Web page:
With the rise of telehealth due to COVID, we have seen numerous telemedicine companies showing up in the industry. Many of these have positions for technicians doing things like triage, obtaining histories, and getting tele-appointments ready for the veterinarian. You may also find your practice has a need for someone to help coordinate their telemedicine appointments. The biggest plus here is a lot of these positions are remote.
To finish the list here are some other popular options:
It doesn’t matter whether it is food, pharmaceuticals, or equipment veterinary companies will hire technicians due to their knowledge of veterinary medicine and the products they are representing. There are sales, customer service, and technical support positions that companies would love to fill with veterinary technicians.
Veterinary technicians are needed to teach in veterinary technician programs, help run veterinary teaching hospitals, work for veterinary continuing education companies, and help larger practices/hospital groups train their teams. Who knows our field better than we do? You will often find that working in education leads to writing and speaking opportunities as well.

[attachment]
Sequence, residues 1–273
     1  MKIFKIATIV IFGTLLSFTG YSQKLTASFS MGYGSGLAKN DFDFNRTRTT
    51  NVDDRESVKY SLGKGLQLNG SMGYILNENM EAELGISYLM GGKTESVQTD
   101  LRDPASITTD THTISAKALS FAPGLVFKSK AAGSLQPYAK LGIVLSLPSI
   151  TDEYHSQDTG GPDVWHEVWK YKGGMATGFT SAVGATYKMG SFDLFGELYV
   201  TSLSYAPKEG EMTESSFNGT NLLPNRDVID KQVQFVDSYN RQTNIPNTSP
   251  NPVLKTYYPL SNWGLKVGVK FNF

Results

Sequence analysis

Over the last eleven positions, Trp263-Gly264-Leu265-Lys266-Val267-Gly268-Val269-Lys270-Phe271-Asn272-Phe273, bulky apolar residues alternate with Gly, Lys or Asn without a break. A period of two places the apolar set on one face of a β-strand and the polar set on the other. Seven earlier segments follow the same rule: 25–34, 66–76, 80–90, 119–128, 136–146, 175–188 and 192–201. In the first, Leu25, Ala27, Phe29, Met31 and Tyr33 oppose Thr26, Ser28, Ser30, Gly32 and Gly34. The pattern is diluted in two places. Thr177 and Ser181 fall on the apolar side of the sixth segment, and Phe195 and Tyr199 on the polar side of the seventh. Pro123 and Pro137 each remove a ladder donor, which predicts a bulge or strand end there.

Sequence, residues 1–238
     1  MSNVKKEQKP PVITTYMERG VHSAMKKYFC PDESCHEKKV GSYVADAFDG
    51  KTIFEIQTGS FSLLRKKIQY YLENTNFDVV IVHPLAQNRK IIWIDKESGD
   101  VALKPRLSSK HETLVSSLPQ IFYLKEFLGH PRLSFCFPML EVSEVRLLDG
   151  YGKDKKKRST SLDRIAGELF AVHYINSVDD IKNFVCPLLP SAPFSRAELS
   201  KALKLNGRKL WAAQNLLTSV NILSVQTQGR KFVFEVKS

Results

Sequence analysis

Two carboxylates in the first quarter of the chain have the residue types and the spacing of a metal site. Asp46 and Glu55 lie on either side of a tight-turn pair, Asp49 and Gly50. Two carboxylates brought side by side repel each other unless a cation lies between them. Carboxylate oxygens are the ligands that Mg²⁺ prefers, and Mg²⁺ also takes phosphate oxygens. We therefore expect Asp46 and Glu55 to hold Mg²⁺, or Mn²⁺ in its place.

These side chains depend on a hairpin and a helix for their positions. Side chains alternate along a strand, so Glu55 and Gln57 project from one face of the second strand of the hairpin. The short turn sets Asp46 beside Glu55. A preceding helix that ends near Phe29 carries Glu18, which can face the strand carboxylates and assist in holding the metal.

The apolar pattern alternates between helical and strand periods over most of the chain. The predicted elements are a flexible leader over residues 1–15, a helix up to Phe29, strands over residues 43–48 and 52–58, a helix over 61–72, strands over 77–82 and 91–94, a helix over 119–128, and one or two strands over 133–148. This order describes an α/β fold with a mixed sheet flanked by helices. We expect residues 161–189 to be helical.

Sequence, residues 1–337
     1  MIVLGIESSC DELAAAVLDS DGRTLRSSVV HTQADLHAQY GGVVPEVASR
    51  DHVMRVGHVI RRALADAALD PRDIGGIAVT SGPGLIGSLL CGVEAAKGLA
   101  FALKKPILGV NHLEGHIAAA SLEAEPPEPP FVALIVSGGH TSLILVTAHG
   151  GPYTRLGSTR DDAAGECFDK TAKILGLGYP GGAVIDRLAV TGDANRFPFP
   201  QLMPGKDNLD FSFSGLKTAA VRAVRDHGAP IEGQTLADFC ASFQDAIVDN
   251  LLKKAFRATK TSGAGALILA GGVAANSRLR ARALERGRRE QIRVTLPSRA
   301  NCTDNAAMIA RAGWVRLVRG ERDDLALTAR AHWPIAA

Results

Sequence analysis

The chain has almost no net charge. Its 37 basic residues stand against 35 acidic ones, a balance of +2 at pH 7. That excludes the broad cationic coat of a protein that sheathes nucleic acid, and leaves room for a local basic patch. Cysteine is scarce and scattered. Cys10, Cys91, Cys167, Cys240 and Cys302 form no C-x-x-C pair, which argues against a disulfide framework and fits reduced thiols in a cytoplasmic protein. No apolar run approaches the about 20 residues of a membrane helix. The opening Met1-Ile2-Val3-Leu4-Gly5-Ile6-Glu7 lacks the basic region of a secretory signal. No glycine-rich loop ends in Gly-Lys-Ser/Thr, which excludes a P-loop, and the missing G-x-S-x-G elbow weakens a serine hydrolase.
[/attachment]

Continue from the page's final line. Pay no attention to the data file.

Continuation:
*This is my favorite category. After teaching for many years and trying my hand at veterinary non-profit and veterinary distribution education, I am so excited to be the Manager of content with VETgirl in the education department!
Pet insurance companies have really become big business in the veterinary industry. New companies seem to be popping up like never before. These companies will hire technicians for claims processing as it is easier to teach them how to process claims than it is to hire and teach claims processors veterinary medicine.
The federal and state governments also have roles for technicians that include animal/facility inspection, emergency management, food production, quality assurance, and animal control – just to name a few.
If you don’t like what you are doing, find something else within the field. Don’t ever close a door, burn a bridge, or become bitter. Move on and find what it is that brought you into the profession to begin with.
Weigh in below in the comments section below with any of the many veterinary technician careers I didn’t cover!